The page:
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What hiring managers are looking for with Jean-Baptiste LORIERS

In this first interview in a series of interviews, we asked Jean-Baptiste Loriers, director at Owlint, what he is looking for when hiring OSINT candidates for a position at his company. Find out what insights and tips he shares with the OSINT community.

Learn more about Owlint.

Follow Owlint on LinkedIn and Twitter.

1. Where do you work now and what are your day-to-day tasks?

I am the director of the services division at Owlint, a French company that publishes OSINT software accessible to non-specialists! Our idea is to democratize OSINT and make it accessible. This platform was developed by and for analysts. 

In my daily work, I follow our customers and assist them in using the tool. I also work with our teams of OSINT analysts who allow us to assist our partners on deep investigations. 

Meetings, customer meetings, OSINT monitoring, support and consulting missions, it makes for a varied day!

2. How can candidates stand out right away?

Good question. We are looking for curiosity more than diplomas! We are a company of enthusiasts and we work with a high level of commitment, both to each other and to our clients. A good candidate is a self-starter who is reliable, who says what they know how to do, wants to learn what they don't know how to do, and who says when they get stuck. 

We have no problem recognizing limits, everything can be learned! You just have to know it.

3. What does the recruitment process look like at your organization? How many steps are there?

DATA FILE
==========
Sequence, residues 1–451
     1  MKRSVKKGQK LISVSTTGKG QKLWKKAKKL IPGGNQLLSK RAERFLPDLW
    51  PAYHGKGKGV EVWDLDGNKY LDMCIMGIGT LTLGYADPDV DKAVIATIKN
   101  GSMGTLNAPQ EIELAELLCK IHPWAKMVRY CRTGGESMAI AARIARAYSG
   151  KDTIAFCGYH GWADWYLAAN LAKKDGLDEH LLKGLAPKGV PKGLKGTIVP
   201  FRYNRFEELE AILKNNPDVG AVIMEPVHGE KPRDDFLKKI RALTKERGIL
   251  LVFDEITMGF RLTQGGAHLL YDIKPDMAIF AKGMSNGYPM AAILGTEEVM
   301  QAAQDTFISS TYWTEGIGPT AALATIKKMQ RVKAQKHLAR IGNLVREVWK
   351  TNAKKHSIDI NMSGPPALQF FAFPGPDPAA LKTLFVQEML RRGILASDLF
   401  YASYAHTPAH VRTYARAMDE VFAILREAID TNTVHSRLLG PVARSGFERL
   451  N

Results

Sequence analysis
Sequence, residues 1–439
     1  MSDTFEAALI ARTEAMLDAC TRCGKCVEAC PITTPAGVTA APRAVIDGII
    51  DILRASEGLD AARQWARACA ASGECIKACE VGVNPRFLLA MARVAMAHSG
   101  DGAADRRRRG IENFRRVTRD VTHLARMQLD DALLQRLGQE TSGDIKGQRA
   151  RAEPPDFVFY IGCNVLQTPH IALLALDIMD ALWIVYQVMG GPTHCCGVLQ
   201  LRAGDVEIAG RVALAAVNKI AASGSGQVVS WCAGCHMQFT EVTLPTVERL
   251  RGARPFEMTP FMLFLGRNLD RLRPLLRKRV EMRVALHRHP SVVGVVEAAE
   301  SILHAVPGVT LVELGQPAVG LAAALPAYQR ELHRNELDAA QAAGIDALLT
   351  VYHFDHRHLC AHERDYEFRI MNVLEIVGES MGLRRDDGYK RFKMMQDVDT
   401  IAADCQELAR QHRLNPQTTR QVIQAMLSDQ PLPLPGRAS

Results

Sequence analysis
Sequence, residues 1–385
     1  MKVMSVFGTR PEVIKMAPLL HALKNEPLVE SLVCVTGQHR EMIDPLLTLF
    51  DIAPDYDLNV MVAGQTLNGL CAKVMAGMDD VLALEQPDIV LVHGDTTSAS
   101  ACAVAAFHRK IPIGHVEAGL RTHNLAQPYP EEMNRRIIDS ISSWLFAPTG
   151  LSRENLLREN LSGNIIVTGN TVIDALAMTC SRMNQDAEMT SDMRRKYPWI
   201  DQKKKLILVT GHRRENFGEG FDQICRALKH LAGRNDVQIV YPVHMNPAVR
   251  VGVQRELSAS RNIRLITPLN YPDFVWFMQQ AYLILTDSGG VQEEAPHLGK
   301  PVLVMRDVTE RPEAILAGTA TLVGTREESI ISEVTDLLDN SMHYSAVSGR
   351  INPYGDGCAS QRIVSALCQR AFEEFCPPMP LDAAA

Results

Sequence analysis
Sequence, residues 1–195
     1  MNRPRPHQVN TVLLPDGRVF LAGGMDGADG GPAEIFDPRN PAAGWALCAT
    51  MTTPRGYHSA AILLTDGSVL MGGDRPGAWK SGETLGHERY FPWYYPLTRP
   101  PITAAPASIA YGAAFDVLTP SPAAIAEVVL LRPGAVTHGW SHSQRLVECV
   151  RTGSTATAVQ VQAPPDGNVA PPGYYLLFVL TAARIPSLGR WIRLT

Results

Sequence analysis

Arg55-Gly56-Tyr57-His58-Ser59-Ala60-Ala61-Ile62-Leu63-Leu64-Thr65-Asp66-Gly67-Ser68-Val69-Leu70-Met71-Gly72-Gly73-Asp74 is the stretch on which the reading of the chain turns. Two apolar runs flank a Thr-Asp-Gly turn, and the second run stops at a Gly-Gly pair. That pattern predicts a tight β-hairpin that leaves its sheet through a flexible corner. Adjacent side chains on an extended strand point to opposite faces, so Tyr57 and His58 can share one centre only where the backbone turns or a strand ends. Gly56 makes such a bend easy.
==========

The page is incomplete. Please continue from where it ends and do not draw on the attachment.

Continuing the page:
Interviews, technical or business tests, discussions with leaders. Nothing too complicated, a minimum of 3 steps.

4. What kind of skill-sets are you looking for when hiring for an intelligence analyst within your company?

Technical background, ability to work independently, ability to handle pressure and workload. 

Not necessarily a specialist, except in certain cases, we prefer overall generalists who are sharp and very skilled in their work methods.

5. What kind of character traits do you find beneficial during interviews? Is there any behavior that can be an advantage for the candidate?

Openness, listening, humility, respect, ability to put forward a clear and honest reasoning. 

We are looking for members of a tribe rather than a work team.

6. Do you have any advice regarding salary negotiations during the hiring process? And dos and don’ts?

Don't be pedantic, be frank and reasonable. There is no such thing as a superhero, and those who seek them are mistaken. 

7. Would you be able to share any outstandingly positive interview experiences you have gone through as the hiring manager or person responsible for recruiting? What blows you away during an interview?

I am often amazed by the quality of the deliverables. Surprised in a positive way because the deliverable reflects the person! We have seen incredible things on business tests that often require writing, with almost no text and only graphs! The diversity of the brains always impresses me.

8. Is there any other useful feedback for the OSINT community that you would like to share with us? For example, what are some of the most common mistakes made by interviewees, and how can they be prevented?

In my opinion, you have to know how to constantly evolve and question yourself, both in terms of tools and methods.  The diversity of OSINT practices is very important and each community has very interesting assets and reflexes. Conclusion, let's avoid working in a vacuum and let's share knowledge. 

9. What type of interview processes or questions are outdated in your opinion? How can the hiring process be improved?

The main qualities and defects ... the thematic games ... For me these elements are no longer useful. We are looking for professionals or professionals in the making, so let's talk about our respective daily lives and the way we do things rather than extrapolating on metaphorical management topics.

10. What would you recommend to recent graduates or newbies? How can they best prepare for their first interviews? Are there any resources you can recommend?

I ask them to know the area and the environment. Expertise comes with work, but the first effort is to know where they stand.

[note: this interview has not been edited]

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